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Neurofeedback Can be a Valuable Tool for Occupational Therapists working with Children with ADHD

1 January 2010

Abstract

Neurofeedback was found efficacious in the treatment of ADHD in several studies; showing improvements not only in the behavioural symptoms experienced by the children with ADHD, but also in the underlying electrophysiological brain activity of these children. Even though these results are encouraging, some of these studies lack in clinical rigor (especially randomization) and some report large percentage of children not responding to treatment; indicating that additional research is needed, especially to identify different therapy protocols for children with different brain wave activity patterns. These future studies need to include randomization, the use of valid control groups and blind study strategies to increase the validity of their results.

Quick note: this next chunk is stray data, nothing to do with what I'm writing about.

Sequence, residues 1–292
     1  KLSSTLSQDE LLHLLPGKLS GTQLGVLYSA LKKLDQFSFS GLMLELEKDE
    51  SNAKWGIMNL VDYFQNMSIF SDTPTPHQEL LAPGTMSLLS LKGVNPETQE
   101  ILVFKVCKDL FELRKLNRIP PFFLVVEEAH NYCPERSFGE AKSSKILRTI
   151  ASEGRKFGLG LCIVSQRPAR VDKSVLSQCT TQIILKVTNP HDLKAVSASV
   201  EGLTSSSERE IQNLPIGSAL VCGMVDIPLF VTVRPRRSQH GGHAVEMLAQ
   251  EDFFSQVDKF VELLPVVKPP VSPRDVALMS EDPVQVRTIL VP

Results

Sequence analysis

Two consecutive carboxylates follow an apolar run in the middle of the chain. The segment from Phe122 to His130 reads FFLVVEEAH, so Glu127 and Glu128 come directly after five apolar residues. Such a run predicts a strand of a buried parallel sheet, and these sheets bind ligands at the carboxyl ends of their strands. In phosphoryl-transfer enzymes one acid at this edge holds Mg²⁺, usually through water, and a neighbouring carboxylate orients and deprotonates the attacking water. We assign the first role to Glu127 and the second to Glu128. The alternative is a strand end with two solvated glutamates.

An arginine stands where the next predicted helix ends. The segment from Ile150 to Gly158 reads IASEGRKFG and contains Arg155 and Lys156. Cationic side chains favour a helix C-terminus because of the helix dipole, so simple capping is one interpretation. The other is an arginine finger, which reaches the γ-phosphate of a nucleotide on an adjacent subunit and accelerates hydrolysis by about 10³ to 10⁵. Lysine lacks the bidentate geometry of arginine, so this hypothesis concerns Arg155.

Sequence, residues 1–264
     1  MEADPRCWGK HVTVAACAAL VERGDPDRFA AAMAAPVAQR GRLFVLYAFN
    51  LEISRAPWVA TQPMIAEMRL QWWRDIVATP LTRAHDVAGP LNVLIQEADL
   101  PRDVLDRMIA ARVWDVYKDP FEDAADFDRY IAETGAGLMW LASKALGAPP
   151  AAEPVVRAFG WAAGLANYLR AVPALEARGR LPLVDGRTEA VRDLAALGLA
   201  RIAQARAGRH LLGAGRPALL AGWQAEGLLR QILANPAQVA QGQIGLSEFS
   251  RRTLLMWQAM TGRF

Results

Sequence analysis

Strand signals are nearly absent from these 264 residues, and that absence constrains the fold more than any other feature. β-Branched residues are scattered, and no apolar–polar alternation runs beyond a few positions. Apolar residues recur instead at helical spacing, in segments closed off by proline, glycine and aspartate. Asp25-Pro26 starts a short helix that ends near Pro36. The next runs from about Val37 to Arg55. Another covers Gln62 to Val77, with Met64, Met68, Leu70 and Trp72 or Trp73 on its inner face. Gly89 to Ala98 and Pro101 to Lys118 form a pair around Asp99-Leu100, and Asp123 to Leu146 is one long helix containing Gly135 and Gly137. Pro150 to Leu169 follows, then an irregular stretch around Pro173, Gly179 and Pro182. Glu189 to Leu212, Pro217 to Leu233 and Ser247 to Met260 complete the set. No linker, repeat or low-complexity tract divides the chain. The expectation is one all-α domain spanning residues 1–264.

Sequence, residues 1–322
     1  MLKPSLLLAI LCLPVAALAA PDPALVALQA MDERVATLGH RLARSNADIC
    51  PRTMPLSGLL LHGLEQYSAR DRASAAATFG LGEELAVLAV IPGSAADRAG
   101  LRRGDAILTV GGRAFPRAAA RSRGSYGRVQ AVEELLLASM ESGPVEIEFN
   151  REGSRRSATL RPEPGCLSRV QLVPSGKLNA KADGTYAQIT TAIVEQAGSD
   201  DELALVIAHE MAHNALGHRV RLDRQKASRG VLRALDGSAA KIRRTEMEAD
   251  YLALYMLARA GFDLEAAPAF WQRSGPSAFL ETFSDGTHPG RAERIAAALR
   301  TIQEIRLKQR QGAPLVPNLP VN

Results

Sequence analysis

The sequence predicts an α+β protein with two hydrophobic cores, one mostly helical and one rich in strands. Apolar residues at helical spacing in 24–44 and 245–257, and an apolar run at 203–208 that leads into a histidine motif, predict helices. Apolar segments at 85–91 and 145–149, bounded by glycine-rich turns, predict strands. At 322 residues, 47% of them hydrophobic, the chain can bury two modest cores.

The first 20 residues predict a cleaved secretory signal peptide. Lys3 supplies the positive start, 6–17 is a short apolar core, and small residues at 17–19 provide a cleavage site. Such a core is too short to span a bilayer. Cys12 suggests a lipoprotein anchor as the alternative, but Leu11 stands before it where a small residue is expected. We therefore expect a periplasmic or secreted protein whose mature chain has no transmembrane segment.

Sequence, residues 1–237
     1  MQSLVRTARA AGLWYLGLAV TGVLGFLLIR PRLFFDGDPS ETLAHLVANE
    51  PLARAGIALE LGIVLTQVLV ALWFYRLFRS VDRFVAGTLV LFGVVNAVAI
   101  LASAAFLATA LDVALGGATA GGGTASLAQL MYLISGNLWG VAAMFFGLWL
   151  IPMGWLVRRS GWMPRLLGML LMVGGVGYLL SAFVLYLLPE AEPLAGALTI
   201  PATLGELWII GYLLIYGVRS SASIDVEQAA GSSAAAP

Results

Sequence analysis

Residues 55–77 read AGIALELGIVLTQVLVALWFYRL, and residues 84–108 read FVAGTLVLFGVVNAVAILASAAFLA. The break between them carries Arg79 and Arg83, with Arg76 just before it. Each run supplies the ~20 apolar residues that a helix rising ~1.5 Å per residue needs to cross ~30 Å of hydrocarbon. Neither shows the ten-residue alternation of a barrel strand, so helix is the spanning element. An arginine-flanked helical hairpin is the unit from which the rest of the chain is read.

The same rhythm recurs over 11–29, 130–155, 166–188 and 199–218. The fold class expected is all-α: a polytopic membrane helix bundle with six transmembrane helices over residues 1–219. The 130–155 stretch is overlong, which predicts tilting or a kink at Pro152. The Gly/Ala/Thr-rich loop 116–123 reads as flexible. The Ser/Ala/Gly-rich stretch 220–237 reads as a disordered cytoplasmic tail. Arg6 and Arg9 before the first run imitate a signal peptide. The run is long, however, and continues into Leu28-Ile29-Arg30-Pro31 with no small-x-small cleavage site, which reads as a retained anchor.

What is the evidence supporting the use of Neurofeedback as a treatment for children with ADHD?

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